• Run a 5K by the end of 2012. I ran my first 5K the week before Christmas.
  • Give music a try. I’m auditioning for America’s Got Talent this coming Saturday.

Music has always been a big part of my life. I first hit the stage when I was 2 yrs old. I took 13 years of vocal training. I have sung in big arenas to 20,000 people. I’ve recorded, been on TV and radio. And I went to college on a vocal scholarship where I was a double music major. But as I was growing up, they didn’t have American Idol, X Factor, The Voice, or America’s Got Talent. Now that I’m past the usual demographic that wins most of these shows, I wanted to just go try it one time and see how I do.

Do I expect to win? No. Do I expect to be on a couple of episodes? I really hope so. You may wonder why I would even try if I don’t think I’ll win. Good question. What matters most to me are two things:

1) The experience of doing it and letting my daughter see that I’m fearless in trying something new.

2) I want people to hear my story. I always saw cancer as a platform for me. It has given me the opportunity to speak with people about the more serious issues of life and death. I want people to know that my faith was strengthened by cancer – not weakened. I want people to cherish the moments and the opportunities that come their way each day. I want others to realize that just as I didn’t know when I might take my last breath – neither do they. Make the most of whatever your circumstance.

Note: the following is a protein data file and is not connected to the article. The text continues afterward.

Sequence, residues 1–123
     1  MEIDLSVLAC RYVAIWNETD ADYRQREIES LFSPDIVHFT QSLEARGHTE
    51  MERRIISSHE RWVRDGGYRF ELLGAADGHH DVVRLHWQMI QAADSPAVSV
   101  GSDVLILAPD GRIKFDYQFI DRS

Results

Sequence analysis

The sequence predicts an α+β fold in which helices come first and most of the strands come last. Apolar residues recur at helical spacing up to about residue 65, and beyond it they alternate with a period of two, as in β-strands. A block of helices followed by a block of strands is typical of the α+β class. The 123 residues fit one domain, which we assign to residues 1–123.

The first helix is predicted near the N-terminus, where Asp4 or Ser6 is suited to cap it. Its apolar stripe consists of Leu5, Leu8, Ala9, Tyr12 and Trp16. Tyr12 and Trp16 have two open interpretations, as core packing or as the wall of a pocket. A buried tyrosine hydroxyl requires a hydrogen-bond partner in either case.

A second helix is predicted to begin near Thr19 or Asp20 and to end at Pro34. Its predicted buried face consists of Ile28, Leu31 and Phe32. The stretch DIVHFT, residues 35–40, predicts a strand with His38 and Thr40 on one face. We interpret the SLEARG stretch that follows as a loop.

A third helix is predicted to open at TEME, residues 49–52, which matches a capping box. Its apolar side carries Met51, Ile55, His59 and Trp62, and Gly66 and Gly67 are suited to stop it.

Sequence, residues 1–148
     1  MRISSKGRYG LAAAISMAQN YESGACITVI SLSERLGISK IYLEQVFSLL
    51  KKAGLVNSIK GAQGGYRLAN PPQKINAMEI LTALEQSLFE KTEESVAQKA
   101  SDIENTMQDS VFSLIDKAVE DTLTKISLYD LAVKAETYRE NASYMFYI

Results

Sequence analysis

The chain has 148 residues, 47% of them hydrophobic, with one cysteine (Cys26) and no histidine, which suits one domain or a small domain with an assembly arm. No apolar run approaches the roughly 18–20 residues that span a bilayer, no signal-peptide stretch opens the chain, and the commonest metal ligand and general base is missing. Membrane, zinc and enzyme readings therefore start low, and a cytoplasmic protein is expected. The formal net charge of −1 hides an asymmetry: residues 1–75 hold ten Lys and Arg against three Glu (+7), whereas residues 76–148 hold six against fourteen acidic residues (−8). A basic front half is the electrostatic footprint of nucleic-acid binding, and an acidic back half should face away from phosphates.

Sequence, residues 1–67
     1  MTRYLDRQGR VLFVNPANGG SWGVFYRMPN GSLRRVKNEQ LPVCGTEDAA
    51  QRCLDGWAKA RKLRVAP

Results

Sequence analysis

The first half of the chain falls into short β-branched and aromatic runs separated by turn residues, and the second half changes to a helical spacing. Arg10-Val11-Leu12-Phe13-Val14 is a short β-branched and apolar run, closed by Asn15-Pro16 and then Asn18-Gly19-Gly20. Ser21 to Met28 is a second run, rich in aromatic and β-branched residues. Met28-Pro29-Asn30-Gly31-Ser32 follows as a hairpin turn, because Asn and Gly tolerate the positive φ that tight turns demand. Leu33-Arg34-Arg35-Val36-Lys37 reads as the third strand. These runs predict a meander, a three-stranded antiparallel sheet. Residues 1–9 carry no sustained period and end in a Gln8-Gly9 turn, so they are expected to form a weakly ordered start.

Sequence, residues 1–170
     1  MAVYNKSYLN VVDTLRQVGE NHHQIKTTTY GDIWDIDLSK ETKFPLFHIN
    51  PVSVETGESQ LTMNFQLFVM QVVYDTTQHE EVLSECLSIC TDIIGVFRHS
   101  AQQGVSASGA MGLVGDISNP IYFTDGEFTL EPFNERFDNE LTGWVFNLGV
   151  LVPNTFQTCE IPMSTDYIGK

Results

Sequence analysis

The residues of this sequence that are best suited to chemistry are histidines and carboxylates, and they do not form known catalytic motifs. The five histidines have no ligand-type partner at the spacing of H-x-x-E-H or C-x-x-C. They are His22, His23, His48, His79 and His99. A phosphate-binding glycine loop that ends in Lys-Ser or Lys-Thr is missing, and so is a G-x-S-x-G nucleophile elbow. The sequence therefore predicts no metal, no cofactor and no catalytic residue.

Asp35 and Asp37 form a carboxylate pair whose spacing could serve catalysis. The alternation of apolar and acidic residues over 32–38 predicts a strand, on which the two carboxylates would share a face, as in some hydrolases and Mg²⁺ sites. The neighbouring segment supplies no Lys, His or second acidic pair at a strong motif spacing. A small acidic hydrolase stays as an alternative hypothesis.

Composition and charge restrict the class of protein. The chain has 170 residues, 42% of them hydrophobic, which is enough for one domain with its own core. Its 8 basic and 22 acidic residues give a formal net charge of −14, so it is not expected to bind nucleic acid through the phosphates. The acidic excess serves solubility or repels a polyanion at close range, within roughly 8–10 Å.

My sister-in-law passed away last week from colon cancer. From the time she was diagnosed to the time she passed away was only a couple of months. Life is but a vapor – here today and gone tomorrow. What will you do with the time that you have?

I still have other things to do on my bucket list, but the bucket is getting lighter. Maybe I should consider adding a few more things to it!